The Dream of Adapting ‘A Confederacy of Dunces’ Should Never Come True


I walked out of Watchmen. The Rachel Papers, based on the Martin Amis book of the same name, ended up looking like a third-rate version of a John Hughes film. I made up my mind before seeing Baz Luhrmann’s Gatsby that it was going to be a hot mess. I didn’t bother with On the Road because, well, On the Road isn’t really the kind of book I’d read past the age of 16. I walked out of The Beach. I probably only defend the Less Than Zero film because it is such a great piece of 1980s trash (even more so than the book that spawned it) that I think it belongs a museum of great American flops.

The thing is, movie adaptations of books just generally aren’t that good. For every Blade Runner, The Godfather, or The 39 Steps, you get some new take on Alice in Wonderland, Jack Black in Gulliver’s Travels, Johnny Depp going to the Hunter S. Thompson well too many times with The Rum Diaries, and the dozens of other really forgettable films that you forked over money to go see in the theater. Yet the endless remakes of movies from the 1970s and ’80s indicates that Hollywood is running out of ideas. Turning a book into a film means the hard creative work is done beforehand, and studios see it as a solid way to go — even if it usually isn’t.

Amid the many failures and few triumphs, there is also a handful of books that, for various reasons, nobody has been able to translate to film: The Catcher in the Rye (which J.D. Salinger made sure would never be made into a film during his lifetime), for example. And Terry Gilliam’s famous repeated attempts at making Don Quixote (which might actually happen now) are well-documented, proving that making a film out of Cervantes’ masterpiece is truly a quixotic endeavor. But one film has trumped them all.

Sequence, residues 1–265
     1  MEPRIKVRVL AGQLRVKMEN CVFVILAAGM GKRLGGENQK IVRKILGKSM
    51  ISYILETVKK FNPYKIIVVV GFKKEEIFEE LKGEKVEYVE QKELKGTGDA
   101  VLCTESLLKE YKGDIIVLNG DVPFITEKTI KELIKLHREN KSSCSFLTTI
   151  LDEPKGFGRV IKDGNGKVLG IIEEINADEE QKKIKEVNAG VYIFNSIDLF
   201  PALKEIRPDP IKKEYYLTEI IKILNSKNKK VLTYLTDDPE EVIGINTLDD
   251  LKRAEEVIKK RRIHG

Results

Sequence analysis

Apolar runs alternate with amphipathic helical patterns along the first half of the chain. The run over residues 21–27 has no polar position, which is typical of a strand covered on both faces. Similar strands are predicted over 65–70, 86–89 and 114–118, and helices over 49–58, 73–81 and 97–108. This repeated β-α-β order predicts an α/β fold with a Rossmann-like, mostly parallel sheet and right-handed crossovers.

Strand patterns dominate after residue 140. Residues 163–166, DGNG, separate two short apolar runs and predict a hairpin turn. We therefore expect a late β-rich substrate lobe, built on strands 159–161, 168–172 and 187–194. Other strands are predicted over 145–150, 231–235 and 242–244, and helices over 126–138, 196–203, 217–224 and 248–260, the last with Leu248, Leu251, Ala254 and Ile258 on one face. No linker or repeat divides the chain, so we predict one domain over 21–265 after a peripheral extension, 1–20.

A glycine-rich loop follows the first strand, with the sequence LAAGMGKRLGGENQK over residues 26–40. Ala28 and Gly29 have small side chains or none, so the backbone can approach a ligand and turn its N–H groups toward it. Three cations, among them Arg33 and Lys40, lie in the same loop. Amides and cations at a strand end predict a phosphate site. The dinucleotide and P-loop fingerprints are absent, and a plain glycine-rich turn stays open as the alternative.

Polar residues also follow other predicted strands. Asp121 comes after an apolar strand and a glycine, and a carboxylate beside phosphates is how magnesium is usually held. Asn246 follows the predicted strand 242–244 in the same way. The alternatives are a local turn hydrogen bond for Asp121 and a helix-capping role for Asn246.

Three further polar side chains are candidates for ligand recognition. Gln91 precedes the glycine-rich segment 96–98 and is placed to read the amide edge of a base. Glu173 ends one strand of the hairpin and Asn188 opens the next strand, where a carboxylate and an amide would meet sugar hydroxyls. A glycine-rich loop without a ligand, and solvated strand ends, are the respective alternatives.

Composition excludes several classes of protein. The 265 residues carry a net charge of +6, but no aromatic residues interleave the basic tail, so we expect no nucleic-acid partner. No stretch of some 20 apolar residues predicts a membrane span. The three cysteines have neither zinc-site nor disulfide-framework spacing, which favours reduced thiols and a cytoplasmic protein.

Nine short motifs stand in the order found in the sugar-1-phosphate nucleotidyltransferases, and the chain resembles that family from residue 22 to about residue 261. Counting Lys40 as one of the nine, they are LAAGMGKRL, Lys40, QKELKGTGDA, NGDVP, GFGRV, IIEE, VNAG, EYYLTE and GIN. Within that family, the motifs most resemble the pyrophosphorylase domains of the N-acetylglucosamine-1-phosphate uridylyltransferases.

“I think it’s cursed,” Steven Soderbergh said about the many attempts to make John Kennedy Toole’s A Confederacy of Dunces. “I’m not prone to superstition, but that project has got bad mojo on it.” Soderbergh was once close to making it happen, as was Harold Ramis, who in 1982 was slated to write and direct an adaptation with John Belushi and Richard Pryor. John Waters wanted to make a film version starring Divine; John Goodman, Philip Seymour Hoffman, John Candy, Chris Farley, Will Ferrell, and Zach Galifianakis have all had their names attached to the role of the book’s protagonist, Ignatius J. Reilly.

Now, with the latest news that playwright Jeffrey Hatcher and producer David Esbjornson are looking to bring the story to Broadway, there are whispers that an adaptation on the stage would be the final clearance for the movie version of the book routinely described as a “cult classic.” But should people be excited about that? Obviously, my reactionary answer would be a clear “No,” but then I think about how the completion of a movie that has become the film-adaptation Holy Grail could be an interesting event. It would be an the type of film that I could imagine being handled thoughtfully, to ensure the finished product pays proper tribute to the book.

And yet, no matter the stars involved or the amount of care taken with the development, it seems inevitable that any Confederacy adaptation would crumble under the weight of all the expectations behind it. Audiences that aren’t familiar with the book might not “get” the delusional slob of a protagonist, and failing to deliver a good version of the film could hurt the book’s legacy; it simply isn’t the type of book that can make the easy crossover from print to screen, and that’s why the battle for who will finally adapt Confederacy of Dunces looks to be more of an exercise in ego than anything.

Of course, ego fuels art, but in this case, there is a reason the movie stays in development hell, and it isn’t the same reasons that Toole’s book took nearly 20 years to see the light of day (including the 13 years after his suicide in 1969). Nobody can figure out how to properly translate the book into a screenplay that can be acted out in a way that befits such a beloved and idiosyncratic work of literature. And if nobody has been able to figure that out after so many attempts, and with the participation of so many great actors and talented filmmakers, isn’t it time to admit that it just isn’t going to happen?